I’ve figured out what “covfefe” means. It means we’re screwed.
President Trump posted a mysterious tweet including a the non-word “covfefe” last night. Then he asked us to figure out the its true meaning. The meaning is clear: we must no longer take seriously anything this president says.
Here’s the Tweet the president sent at 12:06am.
Covfefe is not a word. It’s a mistake. But the tweet remained on the president’s account until around 6am, when someone deleted it. Trump replaced it with this:
Who can figure out the true meaning of “covfefe” ??? Enjoy!
— Donald J. Trump (@realDonaldTrump) May 31, 2017
I accept the challenge. I will tell you the word’s true meaning.
Is it fair to criticize the president for a typo?
Donald Trump is not the first president to effectively make up a word.
Warren G. Harding’s campaign slogan in 1920 was “A return to normalcy.” At the time, normalcy was a rarely used word (“normality” is more common), but Harding turned it into a common one.
George W. Bush, famous for his malapropisms, at once time claim that someone “misunderestimated” him.
But while these words may not be common, at least you can tell what they are supposed to mean. What is “covfefe?”
Perhaps it seems trivial to you quibble about a president’s typo. If this was the first sloppy mistake that Trump had made, I’d agree with you. (If Ted Cruz, John Kasich, or Hillary Clinton were president, we would not be having this discussion, because this tweet would be a rare and unprecedented mistake.)
But this isn’t the first word Trump has screwed up. On December 17, he said a Chinese action was “unpresidented.” He claimed the Obama administration went so low as to “tapp” his phones in Trump Tower.
On May 18, he tweeted this:
With all of the illegal acts that took place in the Clinton campaign & Obama Administration, there was never a special councel appointed!
He means counsel (a lawyer or prosecutor), not “councel” or as he previously tweeted, “council” (a group of people in authority, which is not the same thing). Per Merriam-Webster:
counsel: ⚖ a lawyer appointed to advise and represent in legal matters
council: an assembly or meeting for consultation or discussion
— Merriam-Webster (@MerriamWebster) May 8, 2017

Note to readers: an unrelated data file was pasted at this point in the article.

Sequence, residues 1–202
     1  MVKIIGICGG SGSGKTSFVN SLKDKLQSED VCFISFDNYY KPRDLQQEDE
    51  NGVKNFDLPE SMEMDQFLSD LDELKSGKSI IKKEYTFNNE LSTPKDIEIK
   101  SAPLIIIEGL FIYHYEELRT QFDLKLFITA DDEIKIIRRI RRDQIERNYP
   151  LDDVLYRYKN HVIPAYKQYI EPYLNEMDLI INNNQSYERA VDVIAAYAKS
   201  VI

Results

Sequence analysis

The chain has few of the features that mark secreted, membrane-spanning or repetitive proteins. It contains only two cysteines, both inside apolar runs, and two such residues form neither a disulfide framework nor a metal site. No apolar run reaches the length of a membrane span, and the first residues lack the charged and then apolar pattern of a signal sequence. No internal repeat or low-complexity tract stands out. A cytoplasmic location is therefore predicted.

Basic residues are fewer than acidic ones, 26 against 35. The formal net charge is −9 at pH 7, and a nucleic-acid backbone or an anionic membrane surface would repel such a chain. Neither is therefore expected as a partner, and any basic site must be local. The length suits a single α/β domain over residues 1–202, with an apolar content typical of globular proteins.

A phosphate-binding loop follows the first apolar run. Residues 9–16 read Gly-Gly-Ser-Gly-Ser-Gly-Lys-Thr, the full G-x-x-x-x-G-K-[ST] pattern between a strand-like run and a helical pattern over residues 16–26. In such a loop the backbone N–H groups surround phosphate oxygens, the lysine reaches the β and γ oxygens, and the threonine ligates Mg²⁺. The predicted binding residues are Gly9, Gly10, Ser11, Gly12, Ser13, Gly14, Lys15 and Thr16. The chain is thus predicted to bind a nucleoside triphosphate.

Forget the typos. This president makes mistakes all the time. In a press conference, he said he got the largest electoral college win since Reagan (he didn’t). He revealed an intelligence source to the Russians.
And he constantly flip-flips on “facts,” declaring that NATO is obsolete, then it isn’t, and that China is a currency manipulator, then it isn’t.
He even contradicts his own spokespeople. After Press Secretary Sean Spicer told the media that Trump fired FBI director Comey because of a report from the Justice Department, Trump told NBC’s Lester Holt that no, he was going to fire Comey anyway.
The president’s words are now irrelevant
Here’s what the word “covfefe” means: It means “I am a crazy person.”
Everything that this president says or does is a first draft. Courts rejected his sloppy first-draft travel ban. The FBI rejected his assertion that Obama tapped his phones. After the House of Representatives passed a version of the American Health Care Act, and the Senate rejected it and decided to start over, Trump tweeted this:
I suggest that we add more dollars to Healthcare and make it the best anywhere. ObamaCare is dead – the Republicans will do much better!
— Donald J. Trump (@realDonaldTrump) May 28, 2017
No one knows what it means. The White House budget proposes cuts, not adding dollars to healthcare. Republicans are not cheering about adding money to healthcare.
No president is in command of every fact about government or policy. In the case of past presidents like George W. Bush and Ronald Reagan, advisors kept them focused on policy and moving in a consistent direction — and maintained discipline on messages. But as Journalism professor Jay Rosen explains, there is no “White House” in this administration.
The whole notion of “the White House” as an actor depends on people speaking for the president. If they can’t, then there is no White House.
— Jay Rosen (@jayrosen_nyu) April 13, 2017
This President is not a master manipulator of media. He is a wacko with little grasp of reality that says the first thing that comes into his mind. That is the meaning of covfefe. It’s a variant of “crazy”.
What this means for us
Unfortunately, being a wacko and tweeting made up words are not grounds for impeachment. And there is no chance of the Vice President and a majority of the cabinet invoking the 25th Amendment and removing the president for incompetence.
Republicans in Congress have done the math and determined that they are more likely to get their tax code changes, Supreme Court nominees, and conservative policies with this batshit president in office than to go through with impeaching him. Impeachment would be lengthy and messy, would anger Trump loyalist voters, and would do nothing to restore the reputation of Republicans that this president has created.
So, here’s what to do:
- Treat public statements by Trump as “for entertainment purposes only.” Trump statements are as meaningless as “covfefe.” They shift constantly, they have nothing to do with reality, and their only purpose is to get a rise out of the electorate. Coverage of those statements is irrelevant as well.
- Watch the hands, not the mouth. The executive orders matter. They actions by Congress matter. Congress already knows Trump is an easily manipulated buffoon — but the legislation they pass has long-term effects. The Legislative Branch has power. The Judiciary has power. And watch, as well, the activity by executive departments, such as Jeff Sessions’ decision to push for stricter sentencing for federal crimes. What Trump ends up doing about the climate change accords matters. What he says, doesn’t.